Not to get too off topic, but since you bring up an important point in regards to the art form in comics, which is part of Superman and Batman’s comic history, I’ll say that I think a question that always pops up whenever someone posts a 1940s/50s comic with a comment like yours attached is how exactly fiction/comedy, which is largely tied to the history of comics, should be approached when drawing from the world around you, including black people? Now, I realize outright, racist-based hateful and hurtful comics specifically meant to attack black people is objectively wrong. I get that, though at least from what I understand, most comic artists didn’t draw many black characters the way they did as an attack, but simply as an exaggeration which is perhaps inherent when it comes to comedy and fiction, which even Jack Kirby and Will Eisner were guilty of when they drew Whitewash Jones and Ebony White the way they did.

    Again, this is not to defend racism, but I suppose I’m simply wondering what exactly the fine line is between ok and not ok? Like, would it have been more ok if characters of various races had been caricatured together? Should it have been disallowed for black people to have been part of comedy/exaggeration-based material altogether in favor of only white characters being in exaggerated comedy/superhero stories with caricatures/exaggerated features? Could only someone like Matt Baker have been allowed to insert black characters in comedy/fictional stories since he was black himself?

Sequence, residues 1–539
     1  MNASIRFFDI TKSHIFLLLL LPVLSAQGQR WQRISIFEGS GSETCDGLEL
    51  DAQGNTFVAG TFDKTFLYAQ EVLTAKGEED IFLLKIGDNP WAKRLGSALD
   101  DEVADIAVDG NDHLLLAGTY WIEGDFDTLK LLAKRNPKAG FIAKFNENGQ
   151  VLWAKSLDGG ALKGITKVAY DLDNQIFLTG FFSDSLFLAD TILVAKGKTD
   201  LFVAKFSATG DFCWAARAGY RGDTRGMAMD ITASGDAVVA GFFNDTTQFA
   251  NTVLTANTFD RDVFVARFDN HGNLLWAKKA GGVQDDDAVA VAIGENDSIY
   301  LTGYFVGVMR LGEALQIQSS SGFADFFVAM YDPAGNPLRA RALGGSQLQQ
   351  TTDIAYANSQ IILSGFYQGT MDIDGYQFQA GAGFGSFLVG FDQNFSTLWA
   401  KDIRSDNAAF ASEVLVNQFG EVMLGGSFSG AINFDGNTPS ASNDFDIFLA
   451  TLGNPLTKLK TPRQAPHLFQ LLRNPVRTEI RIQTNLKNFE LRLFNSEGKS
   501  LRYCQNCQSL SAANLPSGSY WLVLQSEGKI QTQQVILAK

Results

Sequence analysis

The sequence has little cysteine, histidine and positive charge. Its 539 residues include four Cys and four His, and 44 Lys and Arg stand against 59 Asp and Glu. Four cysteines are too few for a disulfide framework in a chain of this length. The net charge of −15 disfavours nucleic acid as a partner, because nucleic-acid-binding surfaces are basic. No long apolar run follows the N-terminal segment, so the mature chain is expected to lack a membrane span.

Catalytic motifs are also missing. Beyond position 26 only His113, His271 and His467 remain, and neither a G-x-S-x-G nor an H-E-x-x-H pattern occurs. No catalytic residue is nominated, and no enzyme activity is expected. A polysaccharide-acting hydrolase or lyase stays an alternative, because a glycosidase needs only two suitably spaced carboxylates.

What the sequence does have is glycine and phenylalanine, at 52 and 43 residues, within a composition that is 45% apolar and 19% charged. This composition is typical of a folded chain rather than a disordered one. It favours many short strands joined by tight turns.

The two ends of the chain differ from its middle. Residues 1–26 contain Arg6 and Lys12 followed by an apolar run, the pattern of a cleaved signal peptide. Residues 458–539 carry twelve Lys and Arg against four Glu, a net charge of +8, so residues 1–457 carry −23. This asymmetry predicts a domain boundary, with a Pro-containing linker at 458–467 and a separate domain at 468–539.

Last edited by Electricmastro; 06-02-2020 at 12:06 AM.

  8. #203
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    Quote Originally Posted by Electricmastro View Post